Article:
According to this law for example, regardless of his or her professional skills and ambitions, a person who is blind or visually impaired can only work as phone operator.

Furthermore, article 20 provides for a proportion of jobs in the public and semi public administrations, and the private sector be reserved for disabled persons via a decree. Accordingly a prime ministerial decree specifies the proportion of 7% of jobs to be allocated to disabled people. Nevertheless, the way this proportion is to be calculated is totally unclear, making the enforcement of this law extremely difficult to gage.

In 2003, Morocco adopted the law 10-03 of 12 May 2003 relating to accessibilities for disabled people. This law admits that handicap is an issue that concerns the society as a whole. Different societal forces have to collaborate to eradicate all barriers preventing the inclusion of disabled people be they environmental, social, cultural, physical or economic.

Accordingly, the public authorities have to take all necessary measures to make buildings and facilities accessible for disabled persons. The law also introduced regulations governing construction and the provision of facilities in favour of disabled people. However, in Article 29, the law excluded public buildings built before the year 2003. The biggest deficiency of the law is that it did not include any penalties for those who violate these stipulations.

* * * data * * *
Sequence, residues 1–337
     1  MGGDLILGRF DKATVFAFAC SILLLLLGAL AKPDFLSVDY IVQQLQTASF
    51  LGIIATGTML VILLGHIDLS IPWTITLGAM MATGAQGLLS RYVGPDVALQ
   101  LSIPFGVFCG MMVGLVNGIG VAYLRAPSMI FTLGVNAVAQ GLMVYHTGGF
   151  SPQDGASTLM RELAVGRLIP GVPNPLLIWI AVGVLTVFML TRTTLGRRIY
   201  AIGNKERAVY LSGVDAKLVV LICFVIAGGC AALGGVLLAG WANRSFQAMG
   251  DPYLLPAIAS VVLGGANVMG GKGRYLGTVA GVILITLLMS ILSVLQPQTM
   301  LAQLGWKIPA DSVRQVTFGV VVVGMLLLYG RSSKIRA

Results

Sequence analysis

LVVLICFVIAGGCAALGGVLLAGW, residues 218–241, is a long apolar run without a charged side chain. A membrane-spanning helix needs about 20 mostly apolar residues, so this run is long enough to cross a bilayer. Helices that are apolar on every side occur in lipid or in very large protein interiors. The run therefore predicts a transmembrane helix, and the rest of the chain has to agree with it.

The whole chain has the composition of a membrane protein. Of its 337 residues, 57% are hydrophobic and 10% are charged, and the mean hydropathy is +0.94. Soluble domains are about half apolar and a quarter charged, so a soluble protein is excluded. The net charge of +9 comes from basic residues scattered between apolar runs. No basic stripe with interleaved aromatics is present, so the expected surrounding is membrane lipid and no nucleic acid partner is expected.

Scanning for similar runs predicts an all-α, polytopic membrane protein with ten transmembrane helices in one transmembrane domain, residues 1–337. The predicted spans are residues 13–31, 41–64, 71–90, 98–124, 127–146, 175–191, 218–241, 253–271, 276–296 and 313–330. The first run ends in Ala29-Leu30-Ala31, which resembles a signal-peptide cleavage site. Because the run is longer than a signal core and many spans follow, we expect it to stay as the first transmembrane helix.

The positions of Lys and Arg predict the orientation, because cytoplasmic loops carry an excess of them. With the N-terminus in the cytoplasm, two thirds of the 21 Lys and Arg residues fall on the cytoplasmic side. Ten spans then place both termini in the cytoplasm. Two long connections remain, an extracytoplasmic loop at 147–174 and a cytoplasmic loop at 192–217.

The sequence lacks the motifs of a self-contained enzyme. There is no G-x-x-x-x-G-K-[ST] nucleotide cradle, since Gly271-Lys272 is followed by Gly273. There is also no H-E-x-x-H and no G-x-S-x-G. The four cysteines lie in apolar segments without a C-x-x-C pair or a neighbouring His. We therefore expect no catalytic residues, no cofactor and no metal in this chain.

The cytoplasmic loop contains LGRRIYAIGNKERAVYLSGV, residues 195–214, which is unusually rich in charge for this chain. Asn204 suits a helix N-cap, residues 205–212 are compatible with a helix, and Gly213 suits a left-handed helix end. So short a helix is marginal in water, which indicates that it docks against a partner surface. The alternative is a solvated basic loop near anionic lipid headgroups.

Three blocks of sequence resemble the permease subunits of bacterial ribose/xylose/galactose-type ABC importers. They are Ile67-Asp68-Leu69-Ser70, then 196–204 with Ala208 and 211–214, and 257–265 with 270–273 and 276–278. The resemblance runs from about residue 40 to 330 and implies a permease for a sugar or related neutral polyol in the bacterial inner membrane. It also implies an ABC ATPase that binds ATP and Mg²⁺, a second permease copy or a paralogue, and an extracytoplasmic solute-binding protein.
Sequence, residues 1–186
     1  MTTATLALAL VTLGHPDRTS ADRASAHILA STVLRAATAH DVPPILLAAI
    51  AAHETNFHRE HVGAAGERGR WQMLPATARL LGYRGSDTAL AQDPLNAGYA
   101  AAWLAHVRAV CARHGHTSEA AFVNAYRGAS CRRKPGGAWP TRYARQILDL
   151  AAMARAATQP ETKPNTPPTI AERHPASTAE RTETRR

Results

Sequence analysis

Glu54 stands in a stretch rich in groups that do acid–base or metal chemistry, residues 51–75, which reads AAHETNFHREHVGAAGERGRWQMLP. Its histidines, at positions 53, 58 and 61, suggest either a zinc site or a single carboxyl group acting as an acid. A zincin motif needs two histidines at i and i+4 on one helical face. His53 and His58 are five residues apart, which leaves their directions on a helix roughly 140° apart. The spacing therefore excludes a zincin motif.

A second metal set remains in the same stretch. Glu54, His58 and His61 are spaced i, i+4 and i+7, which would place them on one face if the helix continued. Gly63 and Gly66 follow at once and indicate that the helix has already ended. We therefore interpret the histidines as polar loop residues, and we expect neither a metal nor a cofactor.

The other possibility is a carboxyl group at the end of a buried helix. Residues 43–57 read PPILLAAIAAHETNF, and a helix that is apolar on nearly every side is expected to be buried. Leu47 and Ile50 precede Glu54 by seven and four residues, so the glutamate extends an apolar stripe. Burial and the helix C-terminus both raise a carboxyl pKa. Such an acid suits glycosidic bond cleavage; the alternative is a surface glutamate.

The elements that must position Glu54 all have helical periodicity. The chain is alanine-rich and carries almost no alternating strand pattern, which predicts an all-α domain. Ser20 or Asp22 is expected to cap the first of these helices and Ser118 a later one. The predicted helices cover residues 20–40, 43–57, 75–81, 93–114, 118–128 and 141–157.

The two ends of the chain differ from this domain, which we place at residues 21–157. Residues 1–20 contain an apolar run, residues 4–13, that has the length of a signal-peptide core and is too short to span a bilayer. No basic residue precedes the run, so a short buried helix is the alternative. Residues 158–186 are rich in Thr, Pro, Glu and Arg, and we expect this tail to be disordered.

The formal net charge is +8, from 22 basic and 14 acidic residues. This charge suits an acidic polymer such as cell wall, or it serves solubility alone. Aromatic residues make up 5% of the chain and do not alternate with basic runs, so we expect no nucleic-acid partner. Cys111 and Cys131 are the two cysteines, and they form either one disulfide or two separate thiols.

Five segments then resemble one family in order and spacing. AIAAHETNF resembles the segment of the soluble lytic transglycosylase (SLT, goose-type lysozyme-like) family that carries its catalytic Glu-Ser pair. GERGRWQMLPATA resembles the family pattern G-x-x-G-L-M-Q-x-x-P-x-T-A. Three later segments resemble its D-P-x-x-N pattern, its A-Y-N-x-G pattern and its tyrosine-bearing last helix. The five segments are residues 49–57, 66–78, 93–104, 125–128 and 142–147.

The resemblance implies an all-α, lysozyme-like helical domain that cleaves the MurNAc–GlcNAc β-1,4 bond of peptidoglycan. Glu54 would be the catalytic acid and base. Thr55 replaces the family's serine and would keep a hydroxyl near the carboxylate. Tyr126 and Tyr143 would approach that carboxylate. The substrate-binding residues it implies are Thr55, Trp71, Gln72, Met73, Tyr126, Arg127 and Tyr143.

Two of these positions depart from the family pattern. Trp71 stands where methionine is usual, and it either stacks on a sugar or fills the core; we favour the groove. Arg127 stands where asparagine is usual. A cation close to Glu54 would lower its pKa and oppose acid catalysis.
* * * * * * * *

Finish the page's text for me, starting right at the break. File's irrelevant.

The constitution of 2011 and People with Disabilities

The year 2011 was a turning point in the history of people with disabilities in Morocco. In the wake of the Moroccan version of the democratic spring and taking into account the participation of people with disabilities in the up-risings and protests through the movement of MADOUZCHBLABINA which means literally ‘it can’t work without us’, Morocco was offered a new constitution presented as being advanced and unique in the region. For the first time in its history, the supreme law of the country consolidates the rights of people with disabilities. In its preamble, this constitution forbids any kind of discrimination linked to handicap; moreover, it calls on the authorities to harmonize Moroccan legislation with all the international conventions ratified by the country including the convention on the rights of disabled people.

In its article 34, the constitution stipulates that the public authorities should elaborate new public policies relating to people with disabilities. However, 3 years on, no public policy has been implemented relating to this social category, and nor have existing laws been amended to match the spirit of the UN convention(s).

General recommendations

With regard to how to proceed to promote the full participation of people with disabilities, the issue has to be seen in the light of providing an opportunity for the development of Morocco at several levels, over and above the issue of people with disabilities themselves.

On the economic level, the provision of professional training for blind/disabled employees will undoubtedly benefit Morocco in terms of making the most of already recruited personnel to develop the public administration, but will also save the state as much as the 9.2 million MAD it currently costs to exclude disabled people from the job market.

On the social level, integrating well-trained disabled employees in the workplace would alter social perceptions about these people and reduce social barriers between disabled and

non-disabled citizens.